Zinzendorf and Moravian Missionary Principles (2/4)

Zinzendorf and Moravian Missionary Principles (2/4)

Section 2: Moravian Thought

The central though of Zinzendorf and the Moravians was Christ and His suffering.  Zinzendorf stressed that instead of giving elaborate proofs for God’s existence, the missionary should cut to the chase and simply tell the story of Jesus.[1]  Christ is the only way to personally experience the love of God in an intimate relationship; therefore it is of utmost importance to make Him known.  Zinzendorf emphasized the blood and wounds of Christ since this is how humanity can be saved from their sin and experience this love.[2]  By presenting the person of Jesus and His life to people, it could bring about conversations that may lead into deeper thoughts on the existence of God but the initial need for Jesus is what is of more importance.[3]  He thought knowledge of God can be assumed but Christ is the good, new news that needs to be shared with the world.  To this day, the motto and logo of the Moravian church is the triumphant Agnus Dei with the words “Our Lamb has conquered; let us follow Him.”[4]  The Moravians wanted to share in Christ’s sufferings, knowing that Jesus has the victory and we are to follow Him in faith, laying aside our agenda to take up His cross.

The second major aspect of Moravian thought was the importance of the Holy Spirit.  Christ is the king and leader of missions while the Holy Spirit is the only missionary.  The church has no other mission than to follow Christ and we serve as agents of the Spirit to preach the message of Jesus to those who are called to receive it.[5]  It was not in the preaching or cleverness of missionaries to win converts; it is all the Spirit’s doing.  Therefore, missionaries should not fear failure or be concerned with converting everyone.  If they are faithfully following Jesus, the missionary can know that what they are doing is part of God’s plan and the Spirit is guiding them to where they need to go as far as sharing the gospel, regardless of outcome.[6]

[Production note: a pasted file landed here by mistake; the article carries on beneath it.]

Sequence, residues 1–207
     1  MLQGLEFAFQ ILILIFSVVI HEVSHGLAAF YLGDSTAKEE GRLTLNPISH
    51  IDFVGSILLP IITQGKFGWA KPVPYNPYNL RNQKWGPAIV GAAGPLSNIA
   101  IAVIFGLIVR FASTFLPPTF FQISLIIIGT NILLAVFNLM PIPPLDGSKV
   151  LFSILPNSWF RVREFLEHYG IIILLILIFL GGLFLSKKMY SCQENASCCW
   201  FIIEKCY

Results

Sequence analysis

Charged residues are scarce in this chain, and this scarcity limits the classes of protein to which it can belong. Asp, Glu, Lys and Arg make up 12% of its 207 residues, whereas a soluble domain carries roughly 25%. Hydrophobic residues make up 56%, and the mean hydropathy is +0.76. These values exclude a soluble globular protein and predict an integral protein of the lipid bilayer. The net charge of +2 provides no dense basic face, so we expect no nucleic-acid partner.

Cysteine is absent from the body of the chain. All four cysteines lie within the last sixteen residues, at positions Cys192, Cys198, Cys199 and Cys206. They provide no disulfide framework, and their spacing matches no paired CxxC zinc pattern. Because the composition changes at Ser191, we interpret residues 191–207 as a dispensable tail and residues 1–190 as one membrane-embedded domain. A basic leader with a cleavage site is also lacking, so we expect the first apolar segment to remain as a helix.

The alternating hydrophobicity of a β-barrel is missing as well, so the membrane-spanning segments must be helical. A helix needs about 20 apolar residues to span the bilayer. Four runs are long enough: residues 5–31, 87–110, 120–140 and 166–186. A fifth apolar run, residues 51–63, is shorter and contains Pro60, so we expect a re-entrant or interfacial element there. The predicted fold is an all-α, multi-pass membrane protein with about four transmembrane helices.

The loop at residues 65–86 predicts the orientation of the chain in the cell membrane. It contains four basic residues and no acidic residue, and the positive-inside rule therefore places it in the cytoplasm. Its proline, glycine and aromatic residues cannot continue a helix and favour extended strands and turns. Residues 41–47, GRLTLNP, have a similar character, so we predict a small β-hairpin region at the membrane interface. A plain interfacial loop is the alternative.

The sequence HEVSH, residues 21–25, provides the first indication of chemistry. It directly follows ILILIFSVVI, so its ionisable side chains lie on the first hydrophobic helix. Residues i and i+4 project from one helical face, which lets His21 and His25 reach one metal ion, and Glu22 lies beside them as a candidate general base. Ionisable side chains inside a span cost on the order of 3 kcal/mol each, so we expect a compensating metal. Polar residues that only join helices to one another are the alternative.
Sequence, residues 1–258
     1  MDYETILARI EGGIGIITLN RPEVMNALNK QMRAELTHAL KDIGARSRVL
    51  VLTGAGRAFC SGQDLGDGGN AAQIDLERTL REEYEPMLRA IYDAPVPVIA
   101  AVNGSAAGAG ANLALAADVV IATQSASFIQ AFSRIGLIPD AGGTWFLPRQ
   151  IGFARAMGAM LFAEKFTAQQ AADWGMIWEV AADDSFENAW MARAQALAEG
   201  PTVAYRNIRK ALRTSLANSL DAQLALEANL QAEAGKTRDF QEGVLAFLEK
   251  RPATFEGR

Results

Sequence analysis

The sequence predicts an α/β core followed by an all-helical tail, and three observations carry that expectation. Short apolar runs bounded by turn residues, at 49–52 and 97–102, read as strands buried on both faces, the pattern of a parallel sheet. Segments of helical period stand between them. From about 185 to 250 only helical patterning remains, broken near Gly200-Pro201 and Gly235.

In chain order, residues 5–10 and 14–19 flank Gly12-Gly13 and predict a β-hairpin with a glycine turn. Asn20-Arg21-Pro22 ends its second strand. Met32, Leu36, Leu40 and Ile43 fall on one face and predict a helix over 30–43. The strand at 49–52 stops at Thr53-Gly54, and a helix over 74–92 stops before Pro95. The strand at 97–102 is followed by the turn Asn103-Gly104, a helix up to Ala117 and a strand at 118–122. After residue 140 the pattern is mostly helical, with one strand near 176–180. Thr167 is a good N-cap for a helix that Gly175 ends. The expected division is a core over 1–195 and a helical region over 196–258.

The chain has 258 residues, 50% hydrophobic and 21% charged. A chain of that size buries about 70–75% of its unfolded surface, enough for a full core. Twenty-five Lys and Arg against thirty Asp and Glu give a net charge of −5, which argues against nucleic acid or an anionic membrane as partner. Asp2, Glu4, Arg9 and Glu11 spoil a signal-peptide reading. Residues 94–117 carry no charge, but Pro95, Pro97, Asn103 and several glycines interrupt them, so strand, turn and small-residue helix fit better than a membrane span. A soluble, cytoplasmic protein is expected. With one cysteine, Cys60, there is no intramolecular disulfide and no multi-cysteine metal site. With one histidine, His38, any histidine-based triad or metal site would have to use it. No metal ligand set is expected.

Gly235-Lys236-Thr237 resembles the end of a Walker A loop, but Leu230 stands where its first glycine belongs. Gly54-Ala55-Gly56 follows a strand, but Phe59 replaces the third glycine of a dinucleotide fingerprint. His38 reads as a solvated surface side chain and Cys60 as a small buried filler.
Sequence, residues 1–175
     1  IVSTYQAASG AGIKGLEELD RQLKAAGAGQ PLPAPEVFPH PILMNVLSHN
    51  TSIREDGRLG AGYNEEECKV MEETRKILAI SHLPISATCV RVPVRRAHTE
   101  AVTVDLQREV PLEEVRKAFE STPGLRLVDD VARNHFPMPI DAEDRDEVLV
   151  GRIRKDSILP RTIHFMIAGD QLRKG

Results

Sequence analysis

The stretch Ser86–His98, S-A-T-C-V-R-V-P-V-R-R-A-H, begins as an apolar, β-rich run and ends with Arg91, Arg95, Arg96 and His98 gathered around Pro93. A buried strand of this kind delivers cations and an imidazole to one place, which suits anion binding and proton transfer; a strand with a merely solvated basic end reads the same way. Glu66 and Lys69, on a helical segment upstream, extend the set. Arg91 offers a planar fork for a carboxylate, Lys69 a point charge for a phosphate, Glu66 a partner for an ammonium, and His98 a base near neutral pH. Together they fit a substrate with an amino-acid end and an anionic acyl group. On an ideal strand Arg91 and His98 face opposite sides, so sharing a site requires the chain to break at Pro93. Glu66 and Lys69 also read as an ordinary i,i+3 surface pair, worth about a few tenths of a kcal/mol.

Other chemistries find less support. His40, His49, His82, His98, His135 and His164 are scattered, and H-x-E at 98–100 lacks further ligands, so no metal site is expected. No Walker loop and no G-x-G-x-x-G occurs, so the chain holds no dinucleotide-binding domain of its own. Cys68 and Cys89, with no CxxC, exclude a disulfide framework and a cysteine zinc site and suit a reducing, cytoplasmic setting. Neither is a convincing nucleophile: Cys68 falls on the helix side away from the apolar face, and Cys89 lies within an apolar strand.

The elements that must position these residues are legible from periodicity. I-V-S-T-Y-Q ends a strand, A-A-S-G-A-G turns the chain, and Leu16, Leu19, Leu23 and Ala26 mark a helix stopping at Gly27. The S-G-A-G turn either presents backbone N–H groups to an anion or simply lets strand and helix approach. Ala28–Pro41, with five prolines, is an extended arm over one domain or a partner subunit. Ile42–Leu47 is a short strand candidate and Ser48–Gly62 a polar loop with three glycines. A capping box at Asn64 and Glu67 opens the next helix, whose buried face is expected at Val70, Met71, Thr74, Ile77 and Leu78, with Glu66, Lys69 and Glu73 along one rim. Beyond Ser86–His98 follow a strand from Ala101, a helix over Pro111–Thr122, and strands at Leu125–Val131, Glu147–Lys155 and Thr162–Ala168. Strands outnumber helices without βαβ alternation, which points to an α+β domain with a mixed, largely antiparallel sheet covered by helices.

Closely associated with this was the idea of “first fruits,” those who accept the gospel message first.  Zinzendorf looked to the stories in Acts of the Ethiopian eunuch and Cornelius to show the importance of first fruits.  There are four principles in finding first fruits.  First the Holy Spirit prepares the convert to receive the gospel as they seek out truth.  Second, the Spirit directs the missionary to those that need to hear the gospel.  Third, the missionary should avoid preaching and initiate a conversation with those with a good disposition.  And lastly, baptism should take place as soon as possible once they are converted with no need for several weeks of preparation in answering questions.[7]  Missionaries were to look for those who may be receptive to hearing the gospel.  If this process does not bring any results over a period of time, then the missionary can move on to a new location without guilt, knowing that they did everything they could in the power of the Spirit.

[1] Mulholland, “Moravians, Puritans, and the Modern Missionary Movement,” 224.

[2] Robert L. Gallagher, “The Integration of Mission and Theology Practice: Zinzendorf and the Early Moravians,” Mission Studies 25, (2008): 188.

[3] Schattschneider, “Pioneers in Mission,” 66.

[4] Mulholland, “Moravians, Puritans, and the Modern Missionary Movement,” 224.

[5] Schattschneider, “Pioneers in Mission,” 65.

[6] Gallagher, “The Integration of Mission and Theology Practice,” 191.

[7] Ibid., 192; Schattschneider, “Pioneers in Mission,” 65.

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